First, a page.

Source: Green Party
The Green Party has today put forward proposals to ensure large corporations profiteering from high inflation are taxed fairly and the money used to support people to make ends meet.
“An excess profit tax would be a simple and effective way for large corporations to pay their fair share, unlocking the resources all of us need to live with dignity, put a roof over our heads and food on the table,” says Green Party Finance spokesperson, Julie Anne Genter.
“Right now, as thousands of kids go hungry, supermarkets are raking in an excess profit of more than $1 million per day. As people struggle to pay the mortgage and their rent, Australian-owned banks are making record profits of over $6 billion. As tamariki go to sleep shivering, energy companies are generating eye-watering profits.
“And yet, having done nothing to earn it, nearly every dollar of excess corporate profit is going straight into the padded pockets of shareholders and corporate executives – rather being shared amongst all of us. This simply isn’t right.
“The Green Party does not accept large corporations making a killing in profits, while tens of thousands of families struggle to make ends meet. Our position is clear: when large corporations make excessive profits from a change in circumstances that affects us all, those benefits should be shared.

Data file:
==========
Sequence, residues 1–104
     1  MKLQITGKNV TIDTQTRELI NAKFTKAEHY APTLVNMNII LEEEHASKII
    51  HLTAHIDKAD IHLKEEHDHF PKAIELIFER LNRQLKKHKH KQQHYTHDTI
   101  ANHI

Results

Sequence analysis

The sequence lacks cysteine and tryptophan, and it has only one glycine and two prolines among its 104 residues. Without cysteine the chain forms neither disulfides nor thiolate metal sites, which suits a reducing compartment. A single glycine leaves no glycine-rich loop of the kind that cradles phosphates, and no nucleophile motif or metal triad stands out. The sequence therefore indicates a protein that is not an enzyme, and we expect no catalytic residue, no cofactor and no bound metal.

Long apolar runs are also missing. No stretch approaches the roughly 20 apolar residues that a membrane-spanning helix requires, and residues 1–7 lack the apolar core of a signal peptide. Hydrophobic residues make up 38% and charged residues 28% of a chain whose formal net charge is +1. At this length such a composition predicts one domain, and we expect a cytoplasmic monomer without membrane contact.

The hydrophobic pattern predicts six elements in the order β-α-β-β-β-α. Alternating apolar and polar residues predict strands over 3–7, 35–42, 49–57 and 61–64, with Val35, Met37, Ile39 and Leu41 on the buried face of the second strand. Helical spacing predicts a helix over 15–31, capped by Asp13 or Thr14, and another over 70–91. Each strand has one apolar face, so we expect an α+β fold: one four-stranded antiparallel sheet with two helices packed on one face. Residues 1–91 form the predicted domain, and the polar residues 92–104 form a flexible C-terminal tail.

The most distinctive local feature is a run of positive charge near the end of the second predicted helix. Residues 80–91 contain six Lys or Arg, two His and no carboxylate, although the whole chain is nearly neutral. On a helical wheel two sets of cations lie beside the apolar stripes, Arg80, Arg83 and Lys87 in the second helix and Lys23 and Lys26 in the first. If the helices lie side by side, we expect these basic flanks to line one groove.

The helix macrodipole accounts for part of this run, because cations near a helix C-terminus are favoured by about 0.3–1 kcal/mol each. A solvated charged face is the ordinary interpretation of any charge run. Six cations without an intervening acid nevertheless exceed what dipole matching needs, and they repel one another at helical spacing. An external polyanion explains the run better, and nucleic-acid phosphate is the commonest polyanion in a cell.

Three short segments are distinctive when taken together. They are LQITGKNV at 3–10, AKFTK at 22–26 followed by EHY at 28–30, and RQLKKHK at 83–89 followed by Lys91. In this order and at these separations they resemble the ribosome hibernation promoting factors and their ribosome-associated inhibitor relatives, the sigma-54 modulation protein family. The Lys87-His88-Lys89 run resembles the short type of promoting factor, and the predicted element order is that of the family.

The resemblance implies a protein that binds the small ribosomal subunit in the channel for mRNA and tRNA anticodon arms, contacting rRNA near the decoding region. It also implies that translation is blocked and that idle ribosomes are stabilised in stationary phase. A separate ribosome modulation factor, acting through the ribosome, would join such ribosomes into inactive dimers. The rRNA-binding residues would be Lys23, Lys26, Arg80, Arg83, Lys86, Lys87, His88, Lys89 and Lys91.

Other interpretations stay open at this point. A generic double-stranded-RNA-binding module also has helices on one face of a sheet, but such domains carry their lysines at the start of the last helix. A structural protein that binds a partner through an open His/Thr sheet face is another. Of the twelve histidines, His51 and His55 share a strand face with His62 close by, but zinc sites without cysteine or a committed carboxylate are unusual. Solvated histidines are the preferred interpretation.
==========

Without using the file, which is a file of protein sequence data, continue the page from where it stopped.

“We are committed to a fair and progressive tax system where the wealthiest pay their fair share so we can fund strong public services and ensure those with the least have enough to live on.
“Today, we have released a discussion document exploring how an excess profit tax could be designed – and how the additional revenue should be spent. We are also considering the alternative of raising company tax rates so that all profits are taxed more.
“Reflecting on a period of unprecedented growth in corporate profits, now is the time for a conversation about how we rebalance the tax system towards supporting the people who need it the most – and we invite all New Zealanders to have their say,” Julie Anne Genter.